When Alana Tillman was five years old, she found her passion: painting. But Tillman had to take on a unique technique to pursue the hobby. The Santa Rosa, California, artist was born with a congenital disorder called arthrogryposis multiplex congenita (AMC), which causes her shoulder and elbow joints to remain locked. She can’t raise her arms over her head or straighten them out, and she can’t move her fingers. So, Tillman learned to paint using her mouth.
“In preschool, when I was learning how to write my name, it was sort of the logical thing to do, ‘Oh, my mouth works so let me put the tool in my mouth,’” Tillman, now 33, tells SELF. “So it just came naturally.”
About 1 in 3,000 babies are born with AMC, according to the National Organization for Rare Disorders. AMC affects joints by permanently restricting them in a bent or straight position. This is called a congenital contracture, and it affects two or more parts of the body for someone born with AMC.
Tillman was born with her arms locked bent and both her feet clubbed as a result of AMC. Corrective surgeries reset her feet so she could walk on her own, and Tillman began exploring art while recovering from those surgeries at ages five and six.
“A lot of times I was in casts and just sitting around the house, so painting and drawing really was an outlet for me,” she says. “And sometimes in the hospital I’d be sitting in bed so the only thing to do was to draw.”
She says she comes from a creative household-her dad’s an architect-and her art was always encouraged. Realizing she was pretty good, she kept at it.
“My parents never made me feel like I couldn’t do anything,” she says. “They never treated me differently than my other siblings. I’m a twin, and my twin was born able-bodied. But they never treated me different than her.”
Three of Tillman’s original masterpieces. Image Credit: Courtesy of Alana Tillman
Today, after studying fine art in college, Tillman is now a full-time artist, specializing in custom artwork and murals, as well as her own original creations. She paints in her kitchen in Santa Rosa, using plexiglass or plastic brushes. The paint lacquer on wooden brushes would come off because of her technique, she says. She works primarily with acrylic paint, and she’s part of the Mouth & Foot Painters organization. The group supports painters like Tillman by helping them purchase supplies and take art courses.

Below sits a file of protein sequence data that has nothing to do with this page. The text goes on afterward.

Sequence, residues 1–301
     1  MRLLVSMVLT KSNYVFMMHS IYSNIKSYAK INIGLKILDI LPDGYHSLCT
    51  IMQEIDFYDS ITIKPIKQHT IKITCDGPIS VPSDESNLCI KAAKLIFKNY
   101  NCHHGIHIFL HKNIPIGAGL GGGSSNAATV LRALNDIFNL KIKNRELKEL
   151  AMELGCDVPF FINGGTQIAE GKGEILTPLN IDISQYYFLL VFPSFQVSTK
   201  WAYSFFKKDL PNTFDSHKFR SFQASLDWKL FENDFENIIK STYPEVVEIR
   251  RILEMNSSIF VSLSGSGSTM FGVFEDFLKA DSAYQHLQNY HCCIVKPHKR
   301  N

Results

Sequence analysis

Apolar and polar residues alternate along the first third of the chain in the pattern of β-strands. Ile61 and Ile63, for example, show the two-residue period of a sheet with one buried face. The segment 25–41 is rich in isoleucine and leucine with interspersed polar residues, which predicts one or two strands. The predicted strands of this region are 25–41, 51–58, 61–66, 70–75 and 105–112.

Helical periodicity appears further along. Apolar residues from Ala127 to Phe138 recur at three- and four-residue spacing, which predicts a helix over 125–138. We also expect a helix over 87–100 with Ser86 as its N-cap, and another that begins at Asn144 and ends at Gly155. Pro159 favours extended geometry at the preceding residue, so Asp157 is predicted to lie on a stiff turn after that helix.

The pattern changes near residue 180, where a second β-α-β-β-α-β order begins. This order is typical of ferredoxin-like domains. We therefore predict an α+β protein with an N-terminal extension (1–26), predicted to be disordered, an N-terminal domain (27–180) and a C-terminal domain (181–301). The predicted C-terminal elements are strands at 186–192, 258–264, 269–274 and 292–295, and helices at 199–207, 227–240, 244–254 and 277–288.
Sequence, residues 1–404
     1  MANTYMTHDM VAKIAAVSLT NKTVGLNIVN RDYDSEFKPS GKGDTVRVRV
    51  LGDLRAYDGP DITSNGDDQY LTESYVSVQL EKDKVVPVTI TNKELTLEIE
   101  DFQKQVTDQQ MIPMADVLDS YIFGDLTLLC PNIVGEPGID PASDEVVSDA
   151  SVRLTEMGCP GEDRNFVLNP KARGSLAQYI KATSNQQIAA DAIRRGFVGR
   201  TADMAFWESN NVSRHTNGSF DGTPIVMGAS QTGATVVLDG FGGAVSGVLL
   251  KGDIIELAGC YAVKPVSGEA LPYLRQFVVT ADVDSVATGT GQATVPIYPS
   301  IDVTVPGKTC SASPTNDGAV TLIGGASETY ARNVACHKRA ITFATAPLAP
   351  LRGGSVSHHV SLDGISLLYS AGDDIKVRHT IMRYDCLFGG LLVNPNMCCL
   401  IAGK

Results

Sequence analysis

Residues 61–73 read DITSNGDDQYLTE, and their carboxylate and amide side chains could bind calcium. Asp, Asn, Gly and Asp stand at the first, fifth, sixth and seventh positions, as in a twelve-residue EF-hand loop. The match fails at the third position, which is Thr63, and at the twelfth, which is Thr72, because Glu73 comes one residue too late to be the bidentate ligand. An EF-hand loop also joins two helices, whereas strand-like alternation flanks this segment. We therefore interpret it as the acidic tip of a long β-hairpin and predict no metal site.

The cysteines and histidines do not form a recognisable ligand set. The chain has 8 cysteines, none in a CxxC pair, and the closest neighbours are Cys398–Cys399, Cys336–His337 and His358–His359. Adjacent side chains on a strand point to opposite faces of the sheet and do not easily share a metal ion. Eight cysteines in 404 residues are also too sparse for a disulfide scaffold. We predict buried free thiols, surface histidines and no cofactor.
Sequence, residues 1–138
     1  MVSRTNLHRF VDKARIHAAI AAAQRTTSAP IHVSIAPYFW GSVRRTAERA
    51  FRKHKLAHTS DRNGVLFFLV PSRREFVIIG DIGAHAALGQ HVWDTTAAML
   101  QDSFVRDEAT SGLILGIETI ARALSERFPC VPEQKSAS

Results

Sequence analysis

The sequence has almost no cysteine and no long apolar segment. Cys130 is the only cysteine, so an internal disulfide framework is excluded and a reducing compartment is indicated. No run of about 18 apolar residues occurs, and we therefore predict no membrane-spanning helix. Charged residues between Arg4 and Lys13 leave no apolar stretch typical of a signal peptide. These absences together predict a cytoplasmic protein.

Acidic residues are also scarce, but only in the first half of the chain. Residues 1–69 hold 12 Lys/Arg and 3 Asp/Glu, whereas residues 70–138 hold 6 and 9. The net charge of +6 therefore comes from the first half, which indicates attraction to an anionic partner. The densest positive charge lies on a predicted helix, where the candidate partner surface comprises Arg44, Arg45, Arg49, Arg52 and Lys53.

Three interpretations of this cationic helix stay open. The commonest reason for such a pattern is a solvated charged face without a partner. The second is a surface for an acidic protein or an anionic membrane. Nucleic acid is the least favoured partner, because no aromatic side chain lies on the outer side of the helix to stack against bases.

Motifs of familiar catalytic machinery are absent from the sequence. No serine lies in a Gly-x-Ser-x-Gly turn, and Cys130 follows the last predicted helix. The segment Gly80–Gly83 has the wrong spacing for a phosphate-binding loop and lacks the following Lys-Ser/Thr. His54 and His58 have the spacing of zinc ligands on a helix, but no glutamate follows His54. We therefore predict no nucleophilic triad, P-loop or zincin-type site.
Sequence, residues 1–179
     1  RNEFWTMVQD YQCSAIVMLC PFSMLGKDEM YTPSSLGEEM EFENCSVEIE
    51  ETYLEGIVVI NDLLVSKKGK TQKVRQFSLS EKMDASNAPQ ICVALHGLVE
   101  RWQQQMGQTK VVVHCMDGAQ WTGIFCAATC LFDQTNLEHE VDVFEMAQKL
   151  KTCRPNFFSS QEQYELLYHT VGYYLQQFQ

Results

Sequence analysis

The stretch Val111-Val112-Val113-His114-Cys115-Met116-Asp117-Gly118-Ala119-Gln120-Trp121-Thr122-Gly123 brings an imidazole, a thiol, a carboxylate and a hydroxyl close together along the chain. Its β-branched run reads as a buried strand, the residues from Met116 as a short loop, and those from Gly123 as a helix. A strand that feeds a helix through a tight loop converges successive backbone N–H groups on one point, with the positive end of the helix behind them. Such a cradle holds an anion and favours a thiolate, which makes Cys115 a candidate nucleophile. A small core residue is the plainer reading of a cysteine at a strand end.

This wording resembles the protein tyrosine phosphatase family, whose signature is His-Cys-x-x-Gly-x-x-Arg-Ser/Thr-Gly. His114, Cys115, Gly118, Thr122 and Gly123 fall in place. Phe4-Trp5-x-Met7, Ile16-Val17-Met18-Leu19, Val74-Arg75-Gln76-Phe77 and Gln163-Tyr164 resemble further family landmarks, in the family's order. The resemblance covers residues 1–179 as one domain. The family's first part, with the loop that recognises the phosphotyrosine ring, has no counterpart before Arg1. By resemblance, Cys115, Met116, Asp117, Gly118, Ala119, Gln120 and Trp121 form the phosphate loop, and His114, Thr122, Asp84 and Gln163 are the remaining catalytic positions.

Her career has taken off, with a newly-signed contract with retailer Williams-Sonoma, who will sell her original art in their catalog come 2017. And, she’s recently gained Reddit fame, too. Last Thursday, a good friend-who considers Tillman family-posted a picture to the site of Tillman painting with her mouth, along with images of her stunning art. The post already has almost half a million views.
“What happened was I painted [my friend] a dog portrait for his dog that had passed, and I just did as a gift,” Tillman says. “So he decided, ‘Well I should probably share her story. I think other people would like to hear about it.’ So he posted it, and it just got a really great response. I’ve been contacted form all these different people so it’s been kind of like a whirlwind. I’ve gotten a bunch of commissions.”
The painting Tillman created for her friend after his dog passed away. Image Credit: Courtesy of Alana Tillman
Tillman’s happy to share her story, and she hopes it can inspire others and, maybe, help another five year old in the spot she found herself in.
“I’d really just like people to know that they can overcome any adversity, just with hardwork and dedication and trying to stay positive,” she says. “… If there’s a kid out there that could be doing the same thing as me, maybe I can show them that they can live a productive, happy life.”
Watch Tillman paint in the video below, created by California alt weekly newspaper The Bohemian:
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